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Re: Another Caliber Question...

Dude, that is a BIG boat for one person to handle. 51' overall when you count the bowsprit. It is also an expensive boat. If you have $300K for a boat, why sail alone? Another thing, while a bigger boat may be inherently more seaworthy, having just one guy on board such a large boat during rough weather pretty much negates all such safety advantage. Safety is in balancing the ability of the boat and the crew.
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post #4 of 10 Old 01-26-2016
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Re: Another Caliber Question...

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post #5 of 10 Old 01-26-2016
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Re: Another Caliber Question...

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Originally Posted by sharkbait View Post
I've never heard anything bad about Calibers
I have heard plenty of bad things about the looks of the 47, but not besides that.
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post #6 of 10 Old 01-26-2016 Thread Starter
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Re: Another Caliber Question...

Thank you for the feedback folks! This is precisely the kind of information I am looking for!
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post #7 of 10 Old 01-26-2016
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Re: Another Caliber Question...

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I have heard plenty of bad things about the looks of the 47, but not besides that.
That is what I was thinking when I looked at pictures. It has that wedding cake look to it, one would think on a 47 foot center cockpit they could have made it look better. But I guess to get full standing walk under that is the price to pay.

For one guy and some dogs I see little reason to go over 36 feet. Not like you are going to get more usable space. And this "one time purchase" is really not how life works. How many houses do most folks buy in a lifetime? not many buy one and stay there for the rest of there lives (especially if you calculate in apartments, dooms while in college/military). Needs and situations change over time. As they say S*(* happens!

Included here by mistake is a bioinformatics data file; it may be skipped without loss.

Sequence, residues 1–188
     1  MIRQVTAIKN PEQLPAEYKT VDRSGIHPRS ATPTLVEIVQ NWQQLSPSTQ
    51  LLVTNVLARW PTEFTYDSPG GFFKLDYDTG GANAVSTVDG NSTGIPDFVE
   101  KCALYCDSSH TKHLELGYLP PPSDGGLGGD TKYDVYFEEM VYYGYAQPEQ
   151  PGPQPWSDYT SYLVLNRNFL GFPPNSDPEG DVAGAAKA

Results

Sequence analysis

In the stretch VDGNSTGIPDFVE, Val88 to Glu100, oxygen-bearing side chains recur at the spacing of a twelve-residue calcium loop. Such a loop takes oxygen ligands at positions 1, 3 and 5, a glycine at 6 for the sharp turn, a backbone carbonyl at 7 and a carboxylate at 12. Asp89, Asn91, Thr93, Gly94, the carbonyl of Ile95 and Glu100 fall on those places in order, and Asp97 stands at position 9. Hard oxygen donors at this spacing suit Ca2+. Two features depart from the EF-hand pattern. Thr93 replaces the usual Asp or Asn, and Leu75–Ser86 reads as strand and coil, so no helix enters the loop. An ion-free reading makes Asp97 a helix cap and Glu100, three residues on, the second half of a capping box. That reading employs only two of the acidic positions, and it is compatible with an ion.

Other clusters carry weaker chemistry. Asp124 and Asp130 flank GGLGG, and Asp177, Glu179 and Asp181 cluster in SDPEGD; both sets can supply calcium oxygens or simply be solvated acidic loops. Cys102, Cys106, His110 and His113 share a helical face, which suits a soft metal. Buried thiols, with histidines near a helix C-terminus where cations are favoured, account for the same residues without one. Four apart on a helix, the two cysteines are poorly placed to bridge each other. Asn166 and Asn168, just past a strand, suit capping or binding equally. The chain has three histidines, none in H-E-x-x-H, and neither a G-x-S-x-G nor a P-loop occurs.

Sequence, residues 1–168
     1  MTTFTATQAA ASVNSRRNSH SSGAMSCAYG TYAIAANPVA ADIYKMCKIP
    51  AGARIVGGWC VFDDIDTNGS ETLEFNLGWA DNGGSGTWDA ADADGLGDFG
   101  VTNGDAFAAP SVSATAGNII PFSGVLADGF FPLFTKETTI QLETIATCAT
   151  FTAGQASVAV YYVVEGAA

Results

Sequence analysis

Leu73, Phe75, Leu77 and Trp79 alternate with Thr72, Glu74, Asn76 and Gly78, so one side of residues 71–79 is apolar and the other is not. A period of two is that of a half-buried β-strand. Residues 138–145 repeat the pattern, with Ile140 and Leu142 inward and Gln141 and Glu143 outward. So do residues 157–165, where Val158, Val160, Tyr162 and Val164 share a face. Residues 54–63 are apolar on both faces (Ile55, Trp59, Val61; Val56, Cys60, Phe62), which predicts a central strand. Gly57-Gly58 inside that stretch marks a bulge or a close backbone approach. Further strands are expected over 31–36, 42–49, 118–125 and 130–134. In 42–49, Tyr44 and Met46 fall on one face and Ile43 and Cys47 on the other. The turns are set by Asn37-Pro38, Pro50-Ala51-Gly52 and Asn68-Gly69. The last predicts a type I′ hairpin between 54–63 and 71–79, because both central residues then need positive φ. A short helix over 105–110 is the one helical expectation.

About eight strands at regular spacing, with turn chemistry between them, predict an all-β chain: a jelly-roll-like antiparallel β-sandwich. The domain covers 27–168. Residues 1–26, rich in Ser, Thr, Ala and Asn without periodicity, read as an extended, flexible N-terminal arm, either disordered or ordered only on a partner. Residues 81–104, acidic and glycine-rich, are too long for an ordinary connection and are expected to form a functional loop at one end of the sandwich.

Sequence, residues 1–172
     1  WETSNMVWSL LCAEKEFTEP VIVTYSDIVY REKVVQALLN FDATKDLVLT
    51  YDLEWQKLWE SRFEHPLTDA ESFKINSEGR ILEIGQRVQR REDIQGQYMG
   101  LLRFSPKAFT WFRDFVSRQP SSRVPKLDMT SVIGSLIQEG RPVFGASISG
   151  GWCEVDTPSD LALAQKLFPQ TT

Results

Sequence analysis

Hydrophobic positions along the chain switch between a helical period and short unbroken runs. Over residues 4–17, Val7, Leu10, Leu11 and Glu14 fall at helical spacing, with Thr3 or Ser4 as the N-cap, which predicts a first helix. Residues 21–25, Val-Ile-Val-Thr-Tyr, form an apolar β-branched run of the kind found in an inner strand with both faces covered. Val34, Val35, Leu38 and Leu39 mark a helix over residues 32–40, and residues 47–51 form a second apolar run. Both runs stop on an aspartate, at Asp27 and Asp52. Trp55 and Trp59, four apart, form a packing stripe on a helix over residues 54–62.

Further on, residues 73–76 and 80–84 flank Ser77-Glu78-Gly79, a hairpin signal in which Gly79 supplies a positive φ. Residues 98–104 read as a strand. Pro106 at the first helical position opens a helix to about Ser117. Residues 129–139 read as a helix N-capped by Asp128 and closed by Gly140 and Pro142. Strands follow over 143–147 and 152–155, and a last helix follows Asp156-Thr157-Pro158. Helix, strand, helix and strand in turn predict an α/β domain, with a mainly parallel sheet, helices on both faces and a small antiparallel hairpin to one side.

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post #8 of 10 Old 03-18-2016
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Re: Another Caliber Question...

We have been living aboard and sailing our Caliber 40LRC since 2010. Most winters were spent in Maine. The 40 is not that hard to single hand. Having all the lines led to the cockpit helps a lot and a boat with singlehanding miles on it ensure that it has been setup correctly. No electric winches needed. The hardest thing to handle is raising the main but a good batcar system helps a lot. My wife can raise our main when needed. We considered the 47 but found it to be too big for the two of us and our dog. The 40 is just right. It is one of the biggest 40s I have ever been on.
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post #9 of 10 Old 03-18-2016
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Re: Another Caliber Question...

Quote:
Originally Posted by RainDog View Post
I have heard plenty of bad things about the looks of the 47, but not besides that.
I've always found the line drawings of the Calibers to be a bit abrupt and lacking some artistry.. (like the designer had never heard of a spline tool ).. these boats are exceedingly rare in the PNW so I've never see how that translates to an 'in the flesh' view. Almost all boats have an 'optimum' viewing angle, along with a not-so-optimum aspect (aesthetically speaking)

The Calibers certainly do seem to enjoy a high level of owner satisfaction.

Ron

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post #10 of 10 Old 03-18-2016
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Re: Another Caliber Question...

Caliber 40 has always been on my short list. Seems like a really smart design. Not the most attractive boat in the world, but not bad looking.

The 47 on the other hand......